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Title: Investigating the coping process in children aged 7-14 with type 1 diabetes using the self-regulation model : a comparative study of alternative methods of management at diagnosis
Author: Williams, Julie M.
Awarding Body: University of Edinburgh
Current Institution: University of Edinburgh
Date of Award: 1998
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Childhood onset diabetes (Type 1 diabetes) is a chronic condition whose symptoms may be controlled using a careful regimen of diet and insulin therapy, which must be tailored to suit the sufferer's lifestyle. The ability of a child to cope with these aspects of diabetes management has a wide range of short-term and long-term implications. Medical treatment must clearly aim to maximise diabetic control and to minimise such negative outcomes. In order to do this, factors involved in optimising the coping process in children must be understood. While research has shown that managing children at home on diagnosis rather than admitting them to hospital, has no effect on diabetic control little research has been carried out into the possible psychological benefits of these two approaches (Howie, 1998). This study therefore compares the coping process in children who were admitted to hospital at diagnosis (in an Aberdeen clinic) and those who were managed at home (in a Dundee clinic). The Self-Regulation Model (Leventhal, Nerenz & Steele, 1984) was used to guide the study. This model highlights the role of parents' illness representations, coping, appraisal of coping and emotional reactions, each of which may be viewed within a developmental framework, in the progression of chronic disease. 70 children aged 7-14 attending diabetes outpatient clinics in Dundee (home-based management) and Aberdeen (hospital-based management) were assessed using standardised questionnaires of illness representations, coping, state anxiety and behaviour problems in children. The relationship between these variables and diabetic control and the effects of age, time since diagnosis and management at diagnosis on the process and outcome of coping were also assessed. The results are discussed in terms of their implications for management at diagnosis and for cognitive and behavioural methods of enhancing coping in children of different ages.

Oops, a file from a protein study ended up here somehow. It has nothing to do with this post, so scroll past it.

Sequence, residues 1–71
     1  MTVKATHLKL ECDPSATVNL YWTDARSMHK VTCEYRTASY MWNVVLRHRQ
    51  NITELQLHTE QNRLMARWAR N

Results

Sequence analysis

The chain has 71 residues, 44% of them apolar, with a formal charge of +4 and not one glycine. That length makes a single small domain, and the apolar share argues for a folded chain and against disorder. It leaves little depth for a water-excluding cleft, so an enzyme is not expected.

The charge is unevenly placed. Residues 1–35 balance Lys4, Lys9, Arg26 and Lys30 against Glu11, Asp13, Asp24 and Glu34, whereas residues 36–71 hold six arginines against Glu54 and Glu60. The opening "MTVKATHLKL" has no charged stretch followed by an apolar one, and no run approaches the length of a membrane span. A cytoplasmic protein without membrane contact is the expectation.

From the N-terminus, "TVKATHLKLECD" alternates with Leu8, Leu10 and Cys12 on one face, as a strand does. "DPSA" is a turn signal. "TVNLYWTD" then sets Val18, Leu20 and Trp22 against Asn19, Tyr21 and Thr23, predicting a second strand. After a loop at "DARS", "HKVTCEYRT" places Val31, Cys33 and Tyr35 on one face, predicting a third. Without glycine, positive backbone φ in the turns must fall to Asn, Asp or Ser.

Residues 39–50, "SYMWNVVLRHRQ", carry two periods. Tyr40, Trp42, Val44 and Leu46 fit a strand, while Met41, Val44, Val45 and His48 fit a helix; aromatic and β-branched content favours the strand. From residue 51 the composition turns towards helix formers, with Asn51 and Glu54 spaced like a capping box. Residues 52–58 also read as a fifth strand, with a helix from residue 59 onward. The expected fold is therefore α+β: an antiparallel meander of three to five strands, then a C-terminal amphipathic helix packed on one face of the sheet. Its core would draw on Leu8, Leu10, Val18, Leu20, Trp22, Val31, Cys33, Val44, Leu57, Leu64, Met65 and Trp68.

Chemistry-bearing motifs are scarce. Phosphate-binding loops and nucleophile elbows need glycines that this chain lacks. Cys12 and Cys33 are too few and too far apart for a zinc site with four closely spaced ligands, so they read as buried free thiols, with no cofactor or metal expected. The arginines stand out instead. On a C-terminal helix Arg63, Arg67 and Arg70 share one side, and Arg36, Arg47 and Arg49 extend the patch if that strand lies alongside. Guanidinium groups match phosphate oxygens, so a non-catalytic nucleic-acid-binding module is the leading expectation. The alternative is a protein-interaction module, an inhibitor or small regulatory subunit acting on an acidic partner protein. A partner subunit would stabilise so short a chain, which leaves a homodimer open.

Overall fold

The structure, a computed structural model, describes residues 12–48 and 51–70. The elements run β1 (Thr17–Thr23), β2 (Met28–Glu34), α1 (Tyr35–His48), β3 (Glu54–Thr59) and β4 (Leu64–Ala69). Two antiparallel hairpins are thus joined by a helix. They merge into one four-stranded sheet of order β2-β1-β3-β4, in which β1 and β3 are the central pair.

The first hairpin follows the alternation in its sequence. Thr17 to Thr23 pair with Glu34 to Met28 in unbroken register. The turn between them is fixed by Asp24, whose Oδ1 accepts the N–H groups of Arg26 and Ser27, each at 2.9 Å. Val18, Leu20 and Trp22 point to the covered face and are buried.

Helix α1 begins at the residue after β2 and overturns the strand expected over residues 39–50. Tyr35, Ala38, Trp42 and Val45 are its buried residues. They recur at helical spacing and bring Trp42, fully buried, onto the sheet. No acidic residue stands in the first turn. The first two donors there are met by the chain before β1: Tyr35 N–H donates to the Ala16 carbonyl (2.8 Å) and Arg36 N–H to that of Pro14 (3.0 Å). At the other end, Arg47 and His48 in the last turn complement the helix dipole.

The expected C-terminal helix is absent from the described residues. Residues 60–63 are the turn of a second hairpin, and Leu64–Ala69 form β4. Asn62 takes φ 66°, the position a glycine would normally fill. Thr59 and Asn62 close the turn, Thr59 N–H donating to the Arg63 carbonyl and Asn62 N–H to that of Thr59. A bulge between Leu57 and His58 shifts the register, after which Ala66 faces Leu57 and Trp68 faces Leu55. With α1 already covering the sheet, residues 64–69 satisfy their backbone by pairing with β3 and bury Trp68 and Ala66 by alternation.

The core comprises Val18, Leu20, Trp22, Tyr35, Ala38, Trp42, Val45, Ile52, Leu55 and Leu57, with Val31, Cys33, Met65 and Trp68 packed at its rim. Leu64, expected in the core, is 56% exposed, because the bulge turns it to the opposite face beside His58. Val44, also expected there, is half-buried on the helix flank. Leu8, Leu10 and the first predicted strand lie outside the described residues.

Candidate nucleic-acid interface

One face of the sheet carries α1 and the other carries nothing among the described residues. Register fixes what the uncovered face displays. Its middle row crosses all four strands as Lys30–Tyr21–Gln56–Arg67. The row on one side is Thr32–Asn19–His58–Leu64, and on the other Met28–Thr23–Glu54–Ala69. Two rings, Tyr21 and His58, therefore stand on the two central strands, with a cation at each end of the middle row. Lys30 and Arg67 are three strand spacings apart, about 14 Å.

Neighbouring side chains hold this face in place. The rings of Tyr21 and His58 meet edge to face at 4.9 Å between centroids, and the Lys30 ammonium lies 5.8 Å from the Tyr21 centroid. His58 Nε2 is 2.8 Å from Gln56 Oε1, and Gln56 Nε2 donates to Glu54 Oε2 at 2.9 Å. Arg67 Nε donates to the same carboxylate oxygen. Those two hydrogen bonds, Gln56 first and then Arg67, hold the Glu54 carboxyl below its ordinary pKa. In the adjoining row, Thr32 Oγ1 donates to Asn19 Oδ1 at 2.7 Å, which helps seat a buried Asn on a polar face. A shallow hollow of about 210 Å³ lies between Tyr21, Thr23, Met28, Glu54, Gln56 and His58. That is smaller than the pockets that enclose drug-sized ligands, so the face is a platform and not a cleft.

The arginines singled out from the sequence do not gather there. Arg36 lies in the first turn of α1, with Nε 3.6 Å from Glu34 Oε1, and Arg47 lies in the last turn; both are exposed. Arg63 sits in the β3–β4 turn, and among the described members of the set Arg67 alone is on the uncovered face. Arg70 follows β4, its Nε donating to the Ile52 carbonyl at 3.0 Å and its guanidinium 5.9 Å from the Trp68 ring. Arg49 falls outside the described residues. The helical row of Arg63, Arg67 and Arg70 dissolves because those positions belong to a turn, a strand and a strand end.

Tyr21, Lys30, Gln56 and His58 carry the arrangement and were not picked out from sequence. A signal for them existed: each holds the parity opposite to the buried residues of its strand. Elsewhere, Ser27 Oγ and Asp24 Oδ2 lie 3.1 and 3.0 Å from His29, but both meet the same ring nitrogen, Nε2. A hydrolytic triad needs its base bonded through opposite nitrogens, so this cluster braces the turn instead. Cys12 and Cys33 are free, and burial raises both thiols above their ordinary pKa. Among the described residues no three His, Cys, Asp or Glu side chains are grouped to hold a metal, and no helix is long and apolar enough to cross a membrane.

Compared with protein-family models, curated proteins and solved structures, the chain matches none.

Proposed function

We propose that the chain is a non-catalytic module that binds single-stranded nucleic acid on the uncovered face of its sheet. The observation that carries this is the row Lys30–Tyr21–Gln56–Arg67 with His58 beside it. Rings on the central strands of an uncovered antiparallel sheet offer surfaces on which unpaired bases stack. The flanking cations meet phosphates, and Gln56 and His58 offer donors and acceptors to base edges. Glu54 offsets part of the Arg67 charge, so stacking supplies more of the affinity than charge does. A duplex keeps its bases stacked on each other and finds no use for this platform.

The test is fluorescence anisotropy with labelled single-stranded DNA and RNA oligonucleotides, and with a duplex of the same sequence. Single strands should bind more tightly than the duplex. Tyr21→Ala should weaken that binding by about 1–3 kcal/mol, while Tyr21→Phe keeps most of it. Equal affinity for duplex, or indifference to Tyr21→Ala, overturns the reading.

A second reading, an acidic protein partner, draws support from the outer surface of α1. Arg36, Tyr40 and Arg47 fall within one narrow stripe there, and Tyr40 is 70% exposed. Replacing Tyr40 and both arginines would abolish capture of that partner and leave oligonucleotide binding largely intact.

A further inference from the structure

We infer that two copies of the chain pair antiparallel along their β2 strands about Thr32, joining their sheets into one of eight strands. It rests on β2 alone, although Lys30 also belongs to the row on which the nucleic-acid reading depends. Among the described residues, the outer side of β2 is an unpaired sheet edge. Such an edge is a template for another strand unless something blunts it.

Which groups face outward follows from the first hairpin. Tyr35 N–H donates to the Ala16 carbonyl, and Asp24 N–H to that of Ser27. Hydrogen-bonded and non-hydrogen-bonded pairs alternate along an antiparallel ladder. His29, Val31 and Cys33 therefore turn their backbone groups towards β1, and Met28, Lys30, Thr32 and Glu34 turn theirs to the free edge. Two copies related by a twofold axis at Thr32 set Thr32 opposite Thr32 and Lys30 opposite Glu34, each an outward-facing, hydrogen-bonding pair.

Supervisor: Not available Sponsor: Not available
Qualification Name: Thesis (D.Clin.Psy.) Qualification Level: Doctoral
EThOS ID:  DOI: Not available